Coal Mine Safety

This Feb. 15, 2017 photo shows railroad tracks along the West Virginia town of Matoaka, which once carried coal trains several times a day and at night.
Michael Virtanen / AP

Two mines owned by West Virginia Gov. Jim Justice were among three across the state that missed the deadline for installing life-saving technology to prevent miners from being crushed by machinery in underground coal mines.

Jessica Lilly / West Virginia Public Broadcasting

A federal report says the wall that crushed a miner to death in West Virginia earlier this year wasn't properly supported.

Seven U.S. coal miners died in accidents so far this year, most of them with less than a year of experience at that particular job and mine, according to federal officials. In all of last year, eight miners died.

Tim Watkins, deputy administrator for Coal Mine Safety and Health, said Thursday they're launching an initiative as soon as possible to talk to miners and try to determine if there are training deficiencies.

U.S. National Archive Jack Corn

On Inside Appalachia this week, a look back at VISTA workers and the impact they had on our region in the 1960's. They were Volunteers in Service to America.  VISTA was started in December 1964 by President Lyndon B Johnson as part of his "War on Poverty". 

Join West Virginia Public Broadcasting for an exclusive preview of The Mine Wars from PBS's American Experience series, with special guest, Executive Producer Mark Samels.

The event will be held Thursday, January 21 at 6:30 pm in Beckley, WV in the Hulett C. Smith theater at Tamarack.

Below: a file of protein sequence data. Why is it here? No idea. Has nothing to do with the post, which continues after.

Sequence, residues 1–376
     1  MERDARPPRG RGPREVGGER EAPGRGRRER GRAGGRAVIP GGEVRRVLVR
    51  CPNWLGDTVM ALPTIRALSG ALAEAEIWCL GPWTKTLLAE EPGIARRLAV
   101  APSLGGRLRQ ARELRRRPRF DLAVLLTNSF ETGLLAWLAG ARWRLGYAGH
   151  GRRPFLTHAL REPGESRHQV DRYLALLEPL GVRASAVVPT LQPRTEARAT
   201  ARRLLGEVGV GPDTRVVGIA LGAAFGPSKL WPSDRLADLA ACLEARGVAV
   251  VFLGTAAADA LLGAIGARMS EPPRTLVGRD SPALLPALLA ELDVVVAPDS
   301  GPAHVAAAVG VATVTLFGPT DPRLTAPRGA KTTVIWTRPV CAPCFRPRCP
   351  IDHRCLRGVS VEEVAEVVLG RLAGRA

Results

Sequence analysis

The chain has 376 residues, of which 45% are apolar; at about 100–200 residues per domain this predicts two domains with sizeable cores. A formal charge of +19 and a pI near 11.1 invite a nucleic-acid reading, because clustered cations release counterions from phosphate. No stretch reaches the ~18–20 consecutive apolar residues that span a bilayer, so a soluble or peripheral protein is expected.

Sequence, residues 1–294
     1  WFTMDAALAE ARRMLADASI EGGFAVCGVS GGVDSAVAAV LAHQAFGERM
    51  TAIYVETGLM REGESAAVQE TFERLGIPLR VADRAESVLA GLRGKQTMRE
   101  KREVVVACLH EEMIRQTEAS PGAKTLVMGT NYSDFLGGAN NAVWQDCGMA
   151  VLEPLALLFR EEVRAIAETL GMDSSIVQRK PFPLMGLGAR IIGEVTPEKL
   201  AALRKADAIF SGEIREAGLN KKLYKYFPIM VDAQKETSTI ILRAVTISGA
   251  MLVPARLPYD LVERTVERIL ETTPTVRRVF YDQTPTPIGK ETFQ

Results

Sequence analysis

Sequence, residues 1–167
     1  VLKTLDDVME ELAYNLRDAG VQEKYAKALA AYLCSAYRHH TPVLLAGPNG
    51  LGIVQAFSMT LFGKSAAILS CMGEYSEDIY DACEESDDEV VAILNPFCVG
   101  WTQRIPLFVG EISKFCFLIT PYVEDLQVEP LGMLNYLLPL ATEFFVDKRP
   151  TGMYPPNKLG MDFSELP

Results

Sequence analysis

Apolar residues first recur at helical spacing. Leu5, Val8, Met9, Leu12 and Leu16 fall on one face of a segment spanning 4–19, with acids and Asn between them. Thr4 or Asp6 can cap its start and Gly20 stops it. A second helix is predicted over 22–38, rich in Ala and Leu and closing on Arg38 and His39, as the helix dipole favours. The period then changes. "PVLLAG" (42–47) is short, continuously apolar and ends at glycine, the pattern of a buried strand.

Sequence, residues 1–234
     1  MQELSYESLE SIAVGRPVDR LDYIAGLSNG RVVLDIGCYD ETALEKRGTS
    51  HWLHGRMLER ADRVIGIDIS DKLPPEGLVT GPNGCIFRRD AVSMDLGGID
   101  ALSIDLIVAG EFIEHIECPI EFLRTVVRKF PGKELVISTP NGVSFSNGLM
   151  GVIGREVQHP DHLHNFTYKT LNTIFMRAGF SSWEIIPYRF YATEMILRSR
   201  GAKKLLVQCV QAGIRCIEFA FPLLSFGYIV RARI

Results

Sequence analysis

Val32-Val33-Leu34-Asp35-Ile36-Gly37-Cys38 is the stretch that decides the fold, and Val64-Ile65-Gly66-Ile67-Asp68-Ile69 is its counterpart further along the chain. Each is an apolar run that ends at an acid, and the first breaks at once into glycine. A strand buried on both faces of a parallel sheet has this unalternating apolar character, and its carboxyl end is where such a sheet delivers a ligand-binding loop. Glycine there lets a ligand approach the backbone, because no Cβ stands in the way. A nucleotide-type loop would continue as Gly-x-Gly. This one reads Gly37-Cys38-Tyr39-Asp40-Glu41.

Jesse Wright / West Virginia Public Broadcasting

Nov. 20 marks the anniversary of the 1968 Farmington Mine Disaster, which killed 78 men. It was the worst U.S. mine disaster in 50 years. On Sunday, a crowd of about 150 people gathered at the memorial of the Farmington Mine Disaster.

Jessica Lilly

Prosecutors continued to call witnesses on the tenth day of the trial against former Massey Energy CEO, Don Blankenship. Prosecutor Steve Ruby picked back up with questioning of Mine Safety and Health inspector Keith McElroy. McElroy was one of the investigators of the Upper Big Branch Mine Explosion that killed 29 men.

Fotolia DollarPhoto Club

Public hearings are set this month on a proposed federal rule to require coal mine operators to equip coal hauling machines and scoops with sensors intended to curb fatalities and injuries in underground mines.

The sensors automatically shut down equipment when people get too close.